• plans and programmes for international activity and collaboration; and

• high standards of governance and management, appropriate to a university.

The general scheme makes specific provision for the creation of a Dublin technological university based on the merger of Dublin Institute of Technology, Institute of Technology, Tallaght, and Blanchardstown Institute of Technology. Although Dublin is somewhat ahead of other regions it is expected that mergers will create other regional clusters including the institutes of technology at Cork, Tralee, Waterford and Carlow. Institutes of technology in Connaught-Ulster are also expected to set about the process of merging. This could involve the colleges in Galway-Mayo, Sligo and Letterkenny.

In addition to setting out the process for transition from institute to university, the Government’s proposals cover provision for new, stronger governing bodies, the future expansion potential of technological universities, the transfer of staff to the new universities, and the establishment of an appropriate system of oversight, performance measurement and inspection.


The general scheme was submitted to the Oireachtas Joint Committee on Education and Social Protection for pre-legislative scrutiny in January. After taking evidence from a wide range of stakeholders, including various institutes, trades unions, Enterprise Ireland and IBEC, the committee published its report on 17 April.

Although the Committee made 11 basic recommendations in total, none were fundamentally at variance with the Government’s overall proposals. In fact the committee Chair, Labour TD Joanna Tuffy, acknowledged that the fundamental purpose of the Bill was to “provide education and research that is high quality and industry-focused”.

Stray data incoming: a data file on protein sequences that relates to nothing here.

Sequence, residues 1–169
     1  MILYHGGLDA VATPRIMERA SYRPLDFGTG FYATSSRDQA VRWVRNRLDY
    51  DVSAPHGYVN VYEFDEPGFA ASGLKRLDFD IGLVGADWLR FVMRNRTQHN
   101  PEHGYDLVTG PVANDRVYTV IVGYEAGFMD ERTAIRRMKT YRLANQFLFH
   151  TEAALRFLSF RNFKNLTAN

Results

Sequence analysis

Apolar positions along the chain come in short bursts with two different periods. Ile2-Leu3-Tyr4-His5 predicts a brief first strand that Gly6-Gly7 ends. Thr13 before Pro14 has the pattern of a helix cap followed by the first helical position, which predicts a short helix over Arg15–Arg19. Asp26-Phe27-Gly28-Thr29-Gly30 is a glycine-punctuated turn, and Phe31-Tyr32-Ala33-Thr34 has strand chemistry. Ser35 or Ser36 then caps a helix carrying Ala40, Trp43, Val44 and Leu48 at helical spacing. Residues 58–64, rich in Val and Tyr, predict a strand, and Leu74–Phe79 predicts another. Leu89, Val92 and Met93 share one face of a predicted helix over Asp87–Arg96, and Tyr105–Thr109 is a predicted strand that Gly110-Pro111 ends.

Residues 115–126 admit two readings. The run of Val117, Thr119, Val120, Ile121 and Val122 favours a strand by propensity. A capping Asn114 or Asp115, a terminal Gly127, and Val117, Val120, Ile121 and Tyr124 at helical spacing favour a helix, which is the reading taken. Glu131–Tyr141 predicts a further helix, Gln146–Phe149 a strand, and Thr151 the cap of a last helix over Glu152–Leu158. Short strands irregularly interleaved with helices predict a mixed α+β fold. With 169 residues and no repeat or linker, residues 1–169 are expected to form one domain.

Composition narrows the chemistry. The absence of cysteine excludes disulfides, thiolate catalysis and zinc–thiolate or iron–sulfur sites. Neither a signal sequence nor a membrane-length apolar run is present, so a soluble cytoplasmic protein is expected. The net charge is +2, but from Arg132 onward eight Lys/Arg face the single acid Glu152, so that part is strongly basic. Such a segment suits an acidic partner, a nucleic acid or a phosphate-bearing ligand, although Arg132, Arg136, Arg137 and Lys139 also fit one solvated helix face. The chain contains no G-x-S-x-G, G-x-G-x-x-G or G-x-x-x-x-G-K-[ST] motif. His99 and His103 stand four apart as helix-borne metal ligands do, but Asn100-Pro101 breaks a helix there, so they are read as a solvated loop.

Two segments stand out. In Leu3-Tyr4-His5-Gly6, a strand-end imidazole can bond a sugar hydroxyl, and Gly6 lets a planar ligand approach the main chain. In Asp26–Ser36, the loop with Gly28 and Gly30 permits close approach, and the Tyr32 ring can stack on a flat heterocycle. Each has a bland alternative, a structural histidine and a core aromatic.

The joint committee report recommendations included:

• ensuring that the governing bodies of the new technological universities included an elected member of each of the local authorities in the principal catchment area of the university;

• a phased replacement of governing bodies to minimise disruption and to preserve corporate memory in the formation of the new universities;

• student representatives on governing bodies to be drawn from existing student unions where they existed;

• more attention to be paid to the various concerns of the trade unions in relation to terms and conditions of employment for staff transferring over to the new universities; and

• greater transparency around the whole process for designating technological universities.

Tuffy said that the formal pre-legislative scrutiny process “has resulted in what we believe is a balanced report incorporating the views of a wide range of stakeholders.” The hearings with stakeholders “highlighted the opportunities presented by the proposed legislation, as well as some of the challenges in transforming this hugely significant component of our third level system.”

The joint committee’s report on the general scheme is now on the desk of the current Labour Minister for Education, Jan O’Sullivan, who is considering its recommendations. It is likely that the draft Technological Universities Bill will be introduced to the Oireachtas sometime early in 2015.

In the meantime, it can be expected that the various institutes of technology around the country will be involved in ever more intensive discussions over plans for future mergers and amalgamations. As well as merging, they will also be working hard on building overall capacity with a view to meeting the essential criteria for successful transition to technological university status.